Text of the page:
G. mellonella was infected with B. cenocepacia LMG 16656 and treated with tobramycin (TOB), econazole (ECO), or the combination. CFU/larvae was determined 24 h p.i. and treatment. Larvae were homogenized and plated on selective Burkholderia medium. (Data shown are average, n≥3, error bars indicate SEM).
S6 Fig. Evaluation of the in vitro effect of our formulation for inhalation.
In order to evaluate the antimicrobial activity of a formulation for inhalation prior to use in the mouse lung infection model, biofilms of B. cenocepacia LMG 16656 were formed in 96-well MTPs and subsequently treated with the diluted (129x) formulation. This diluted formulation corresponds to vehicle (tween 80 dissolved in PS), 512 μg/mL tobramycin (TOB), 200 μM miconazole (MICO) or the combination of tobramycin and miconazole. The asterisk indicates a significantly different number in log CFU/BF compared to treatment with tobramycin alone (P value < 0.05). (Data shown are average, n≥3, error bars indicate SEM).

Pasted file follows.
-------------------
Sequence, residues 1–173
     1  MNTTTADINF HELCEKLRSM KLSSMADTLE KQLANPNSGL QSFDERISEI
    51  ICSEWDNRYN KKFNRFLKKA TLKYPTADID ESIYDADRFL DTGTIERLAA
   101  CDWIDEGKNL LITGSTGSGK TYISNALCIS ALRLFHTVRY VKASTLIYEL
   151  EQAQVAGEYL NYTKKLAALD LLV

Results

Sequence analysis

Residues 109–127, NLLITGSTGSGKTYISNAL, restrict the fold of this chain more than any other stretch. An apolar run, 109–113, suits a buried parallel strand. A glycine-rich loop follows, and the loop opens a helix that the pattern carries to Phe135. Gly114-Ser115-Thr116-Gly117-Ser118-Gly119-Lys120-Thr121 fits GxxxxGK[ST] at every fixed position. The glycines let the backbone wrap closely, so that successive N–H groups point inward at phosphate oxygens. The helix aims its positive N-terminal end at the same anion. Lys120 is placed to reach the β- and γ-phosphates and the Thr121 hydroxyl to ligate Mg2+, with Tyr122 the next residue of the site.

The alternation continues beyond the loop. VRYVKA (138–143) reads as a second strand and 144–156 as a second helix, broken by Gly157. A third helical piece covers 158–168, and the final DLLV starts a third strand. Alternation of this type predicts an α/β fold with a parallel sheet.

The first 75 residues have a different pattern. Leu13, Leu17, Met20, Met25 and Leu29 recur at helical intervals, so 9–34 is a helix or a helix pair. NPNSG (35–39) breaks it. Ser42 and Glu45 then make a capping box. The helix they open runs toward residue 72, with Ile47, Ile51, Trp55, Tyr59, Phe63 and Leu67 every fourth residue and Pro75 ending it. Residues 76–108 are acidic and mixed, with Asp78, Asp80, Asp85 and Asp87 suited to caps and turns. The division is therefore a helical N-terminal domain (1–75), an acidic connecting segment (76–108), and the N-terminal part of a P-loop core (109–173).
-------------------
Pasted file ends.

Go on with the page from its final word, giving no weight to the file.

The authors would like to thank Miguel Sainz de la Maza Redondo, Javier Ruiz Sanz, Laurent Van den Bergh, and Lieselot Govaert for their contribution to this manuscript.
- Conceptualization: FV GB CV PC TC.
- Formal analysis: FV BV AC.
- Funding acquisition: TC PC CV AC.
- Investigation: FV BV GB AC PR JV GV DC.
- Methodology: FV BV GB AC.
- Project administration: TC.
- Supervision: TC PC CV.
- Visualization: FV BV AC.
- Writing – original draft: FV GB BV TC.
- Writing – review & editing: FV BV GB AC CV PC TC PR JV GV DC.